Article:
California Gold Rush
1849 - 1852
On January 24, 1848, workers found gold while cutting lumber at Sutter's Mill on the South Fork of the American River. The discovery led to the gold rush of 1849, when thousands of "49ers" made their way to California seeking fortunes. The vast majority went by sea around Cape Horn, at first, and later across the Isthmus of Panama. About 30,000 headed overland, following the routes forged in 1841 by the Bidwell- Bartleson Party, and by subsequent travelers including Lansford Hastings and the Donner-Reed parties of 1846. However, many overland emigrants took other trails, including the Old Spanish Trail that crossed New Mexico.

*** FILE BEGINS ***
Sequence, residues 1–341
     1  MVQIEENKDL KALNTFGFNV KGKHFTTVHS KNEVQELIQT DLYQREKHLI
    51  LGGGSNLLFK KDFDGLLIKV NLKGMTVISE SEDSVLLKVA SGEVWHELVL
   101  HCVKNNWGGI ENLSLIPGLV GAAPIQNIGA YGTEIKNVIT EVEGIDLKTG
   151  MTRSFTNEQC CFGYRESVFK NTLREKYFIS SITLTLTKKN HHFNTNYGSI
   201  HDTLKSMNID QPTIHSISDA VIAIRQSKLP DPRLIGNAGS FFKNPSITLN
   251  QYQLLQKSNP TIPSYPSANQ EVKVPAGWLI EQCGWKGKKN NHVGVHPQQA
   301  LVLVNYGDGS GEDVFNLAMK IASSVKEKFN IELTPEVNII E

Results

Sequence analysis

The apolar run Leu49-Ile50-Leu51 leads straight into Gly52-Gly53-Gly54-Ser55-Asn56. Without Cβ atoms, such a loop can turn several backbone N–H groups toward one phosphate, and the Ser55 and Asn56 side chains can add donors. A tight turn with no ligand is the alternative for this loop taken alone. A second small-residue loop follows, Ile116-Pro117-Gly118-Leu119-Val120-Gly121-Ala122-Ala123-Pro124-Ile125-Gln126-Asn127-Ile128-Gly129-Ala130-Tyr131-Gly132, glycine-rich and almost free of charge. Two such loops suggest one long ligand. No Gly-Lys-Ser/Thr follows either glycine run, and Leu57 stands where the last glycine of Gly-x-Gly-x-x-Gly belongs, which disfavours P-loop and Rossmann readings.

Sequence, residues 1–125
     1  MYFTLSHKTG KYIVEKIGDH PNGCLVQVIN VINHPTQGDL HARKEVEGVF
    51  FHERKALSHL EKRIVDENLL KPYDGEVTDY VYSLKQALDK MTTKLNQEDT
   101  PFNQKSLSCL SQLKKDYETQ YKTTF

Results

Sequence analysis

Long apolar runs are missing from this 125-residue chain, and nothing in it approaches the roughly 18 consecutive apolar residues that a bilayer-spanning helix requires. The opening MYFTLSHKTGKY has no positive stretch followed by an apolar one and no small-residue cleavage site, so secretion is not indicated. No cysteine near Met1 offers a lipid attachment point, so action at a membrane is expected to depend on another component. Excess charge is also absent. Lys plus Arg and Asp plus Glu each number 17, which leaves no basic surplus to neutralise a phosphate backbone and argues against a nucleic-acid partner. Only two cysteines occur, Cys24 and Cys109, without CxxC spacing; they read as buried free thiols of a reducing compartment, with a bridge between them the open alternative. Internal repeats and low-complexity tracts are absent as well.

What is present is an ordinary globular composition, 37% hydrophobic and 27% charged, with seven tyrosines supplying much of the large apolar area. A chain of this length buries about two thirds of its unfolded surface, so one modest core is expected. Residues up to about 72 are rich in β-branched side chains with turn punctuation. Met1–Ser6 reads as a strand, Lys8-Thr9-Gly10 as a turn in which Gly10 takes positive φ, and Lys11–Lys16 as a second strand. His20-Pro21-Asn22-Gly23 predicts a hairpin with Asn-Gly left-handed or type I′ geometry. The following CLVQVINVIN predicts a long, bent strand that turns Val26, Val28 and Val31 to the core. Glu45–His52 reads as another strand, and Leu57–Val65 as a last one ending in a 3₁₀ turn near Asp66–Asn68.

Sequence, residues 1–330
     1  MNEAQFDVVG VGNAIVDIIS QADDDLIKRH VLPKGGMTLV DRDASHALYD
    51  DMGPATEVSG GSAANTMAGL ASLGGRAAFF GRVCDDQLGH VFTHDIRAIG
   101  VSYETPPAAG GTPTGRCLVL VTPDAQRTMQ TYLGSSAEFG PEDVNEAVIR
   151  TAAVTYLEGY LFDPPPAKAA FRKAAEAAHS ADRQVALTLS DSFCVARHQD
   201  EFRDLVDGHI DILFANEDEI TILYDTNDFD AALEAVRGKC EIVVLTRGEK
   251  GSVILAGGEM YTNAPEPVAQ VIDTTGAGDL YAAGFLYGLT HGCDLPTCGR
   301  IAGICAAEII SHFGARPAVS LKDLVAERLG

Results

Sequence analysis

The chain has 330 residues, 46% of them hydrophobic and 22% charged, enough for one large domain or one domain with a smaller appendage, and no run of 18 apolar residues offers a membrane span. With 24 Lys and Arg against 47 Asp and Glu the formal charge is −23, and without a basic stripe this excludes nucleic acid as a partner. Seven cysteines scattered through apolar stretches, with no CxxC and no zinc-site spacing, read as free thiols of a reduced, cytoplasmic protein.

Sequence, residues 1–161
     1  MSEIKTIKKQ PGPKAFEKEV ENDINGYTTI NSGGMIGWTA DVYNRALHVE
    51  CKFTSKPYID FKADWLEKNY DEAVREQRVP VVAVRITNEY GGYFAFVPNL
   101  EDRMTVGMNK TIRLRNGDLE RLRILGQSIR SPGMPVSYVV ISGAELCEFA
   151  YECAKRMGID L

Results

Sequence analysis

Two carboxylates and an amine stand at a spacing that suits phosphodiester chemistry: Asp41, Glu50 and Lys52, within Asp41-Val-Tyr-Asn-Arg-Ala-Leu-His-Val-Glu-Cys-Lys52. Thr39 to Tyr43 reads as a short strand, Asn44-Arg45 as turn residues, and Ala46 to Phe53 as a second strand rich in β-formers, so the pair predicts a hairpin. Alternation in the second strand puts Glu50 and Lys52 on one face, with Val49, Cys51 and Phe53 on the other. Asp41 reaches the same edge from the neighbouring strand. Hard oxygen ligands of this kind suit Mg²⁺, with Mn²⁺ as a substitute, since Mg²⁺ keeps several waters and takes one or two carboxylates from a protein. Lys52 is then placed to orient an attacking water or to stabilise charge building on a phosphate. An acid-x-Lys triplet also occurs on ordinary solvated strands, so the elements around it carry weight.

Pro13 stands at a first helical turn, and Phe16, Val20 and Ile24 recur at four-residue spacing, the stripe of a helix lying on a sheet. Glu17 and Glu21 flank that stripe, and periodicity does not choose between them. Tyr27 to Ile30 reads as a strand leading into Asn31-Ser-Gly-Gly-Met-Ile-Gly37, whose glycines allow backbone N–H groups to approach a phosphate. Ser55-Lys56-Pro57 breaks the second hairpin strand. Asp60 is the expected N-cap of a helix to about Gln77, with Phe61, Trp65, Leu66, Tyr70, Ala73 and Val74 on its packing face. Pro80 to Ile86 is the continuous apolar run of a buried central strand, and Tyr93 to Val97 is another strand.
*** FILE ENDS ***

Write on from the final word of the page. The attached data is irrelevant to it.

Many Cherokee Indians, living in Oklahoma because of the forced relocation over the Trail of Tears in 1838, also headed west. They were expreienced miners from their earlier years in North Carolina and Georgia and were unhappy with conditions in Oklahoma. They pioneered the Cherokee Trail across Oklahoma, through Colorado and into southern Wyoming before joining onto the main California Trail.
Initial migration started in 1849; peak overland migration was in 1852 the same year as a severe cholera epidemic in the eastern United States. In all some 400,000 people traveled to California in search of gold.
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